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Re: a (revised) draft of R5RS

> This is the reason that Scheme standardization is dead.
> On the one hand, there are a group of people who are trying to make
> Scheme a useful programming language.  These people make expedient
> choices that use the best currently available technology [...]
> On the other hand, there are a group of people who are trying to make
> Scheme the cleanest and best programming language.  [...]

I think this is largely right.  In the present context, it's
important to note that the first group should not be thought of
as concerned with efficiency rather than elegance.  (I think
Kent fits naturally into that group, BTW.)  But they are willing
to make pragmatic choices in order to get useful functionality
when it's not clear what approach is best.

And it seldom is clear what choice is best.

Here's where I disagree with Chris: I think language development
always tends to reach a state where further progress is very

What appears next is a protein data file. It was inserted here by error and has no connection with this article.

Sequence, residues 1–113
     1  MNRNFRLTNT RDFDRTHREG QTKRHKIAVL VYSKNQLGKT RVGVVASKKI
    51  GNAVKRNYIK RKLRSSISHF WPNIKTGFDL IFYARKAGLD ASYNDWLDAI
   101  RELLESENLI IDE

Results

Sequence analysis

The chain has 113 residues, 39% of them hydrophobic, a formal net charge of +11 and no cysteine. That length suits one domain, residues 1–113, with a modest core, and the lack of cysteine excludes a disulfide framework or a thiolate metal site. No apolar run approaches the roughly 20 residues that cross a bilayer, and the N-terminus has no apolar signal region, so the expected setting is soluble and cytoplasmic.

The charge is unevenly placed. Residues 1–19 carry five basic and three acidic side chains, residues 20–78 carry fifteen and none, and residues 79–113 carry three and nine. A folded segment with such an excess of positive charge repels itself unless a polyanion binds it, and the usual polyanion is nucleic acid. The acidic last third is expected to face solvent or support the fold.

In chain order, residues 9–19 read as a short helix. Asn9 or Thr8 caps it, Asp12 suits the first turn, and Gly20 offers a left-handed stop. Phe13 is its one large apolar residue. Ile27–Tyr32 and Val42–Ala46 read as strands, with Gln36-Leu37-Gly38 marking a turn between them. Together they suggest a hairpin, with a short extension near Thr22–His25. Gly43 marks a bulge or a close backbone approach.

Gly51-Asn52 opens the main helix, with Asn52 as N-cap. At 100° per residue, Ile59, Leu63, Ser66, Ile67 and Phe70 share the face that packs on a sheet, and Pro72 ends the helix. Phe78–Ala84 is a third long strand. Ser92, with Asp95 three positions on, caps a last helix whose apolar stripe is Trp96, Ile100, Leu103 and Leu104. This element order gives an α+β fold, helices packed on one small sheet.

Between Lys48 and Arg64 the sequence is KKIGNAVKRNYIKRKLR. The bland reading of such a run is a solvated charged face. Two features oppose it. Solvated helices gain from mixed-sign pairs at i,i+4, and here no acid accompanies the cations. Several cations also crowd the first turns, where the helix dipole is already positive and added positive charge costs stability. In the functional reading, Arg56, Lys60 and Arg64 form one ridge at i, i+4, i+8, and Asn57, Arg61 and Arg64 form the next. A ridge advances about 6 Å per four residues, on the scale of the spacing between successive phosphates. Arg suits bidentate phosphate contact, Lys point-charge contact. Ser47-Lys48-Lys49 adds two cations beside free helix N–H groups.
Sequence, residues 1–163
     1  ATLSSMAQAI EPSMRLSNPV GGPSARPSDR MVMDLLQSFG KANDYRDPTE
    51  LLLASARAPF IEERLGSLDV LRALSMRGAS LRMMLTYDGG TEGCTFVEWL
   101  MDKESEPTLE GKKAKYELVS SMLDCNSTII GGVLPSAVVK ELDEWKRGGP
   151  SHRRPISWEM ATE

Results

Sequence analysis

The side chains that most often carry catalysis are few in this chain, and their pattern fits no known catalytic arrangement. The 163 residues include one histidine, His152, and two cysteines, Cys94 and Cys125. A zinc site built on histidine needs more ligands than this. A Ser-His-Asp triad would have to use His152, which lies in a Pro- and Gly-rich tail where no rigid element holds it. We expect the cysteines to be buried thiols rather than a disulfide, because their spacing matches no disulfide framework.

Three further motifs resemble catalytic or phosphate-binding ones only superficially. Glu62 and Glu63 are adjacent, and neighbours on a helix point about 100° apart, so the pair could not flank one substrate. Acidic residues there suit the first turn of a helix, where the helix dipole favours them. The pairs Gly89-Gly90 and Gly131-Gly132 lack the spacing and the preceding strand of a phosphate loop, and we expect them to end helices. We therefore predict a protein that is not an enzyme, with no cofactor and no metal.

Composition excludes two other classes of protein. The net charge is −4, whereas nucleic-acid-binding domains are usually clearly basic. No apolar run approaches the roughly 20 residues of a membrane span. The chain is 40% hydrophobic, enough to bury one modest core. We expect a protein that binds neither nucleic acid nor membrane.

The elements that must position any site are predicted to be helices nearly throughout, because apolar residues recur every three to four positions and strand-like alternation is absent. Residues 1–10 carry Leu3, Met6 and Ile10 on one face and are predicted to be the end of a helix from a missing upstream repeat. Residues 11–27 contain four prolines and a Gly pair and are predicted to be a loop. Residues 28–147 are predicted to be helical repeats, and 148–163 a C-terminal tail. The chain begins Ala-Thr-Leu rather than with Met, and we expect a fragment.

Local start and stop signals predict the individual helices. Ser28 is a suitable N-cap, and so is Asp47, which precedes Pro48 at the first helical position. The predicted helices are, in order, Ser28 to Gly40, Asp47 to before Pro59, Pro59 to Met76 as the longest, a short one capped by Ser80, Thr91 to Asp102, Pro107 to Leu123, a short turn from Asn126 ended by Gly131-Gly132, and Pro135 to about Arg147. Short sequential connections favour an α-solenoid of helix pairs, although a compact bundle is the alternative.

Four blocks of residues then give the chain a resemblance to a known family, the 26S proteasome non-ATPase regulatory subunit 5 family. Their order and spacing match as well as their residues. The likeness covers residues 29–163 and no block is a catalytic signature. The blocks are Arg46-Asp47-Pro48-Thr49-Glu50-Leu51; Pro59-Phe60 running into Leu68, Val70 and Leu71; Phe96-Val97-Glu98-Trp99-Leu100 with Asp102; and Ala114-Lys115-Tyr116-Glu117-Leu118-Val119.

difficult.  I've seen roughly the same pattern with aspects of
Common Lisp, Dylan, EuLisp, and Scheme.

For a while, it's fairly easy to make decisions even though there are
good arguments for (and against) several different approaches.  The
"good arguments" don't block decisions.

Later, decisions with the same sorts of "arguments on both sides"
become very difficult to make.  The arguments then have a role in blocking
decisions, but I do not think they are the real reasons, or at least
not the only ones, because arguments of similar quality, earlier, did
not have the same effect.

My feeling is that there is almost inevitably a loss of momentum
so that it becomes difficult to agree about language changes.
I don't know what all the reasons are, but I suspect a major
factor is that the language reaches a point where it is a reasonably
good language.  Decisions were necessary earlier, in order to get
to that point, and the enthusiasm that's required to get a language
design that far tends to carry it somewhat further.  Then things
become difficult.

In any case, I think the only answer for those who are not satisfied
with Scheme more or less as it is now is for them to develop a new

-- jeff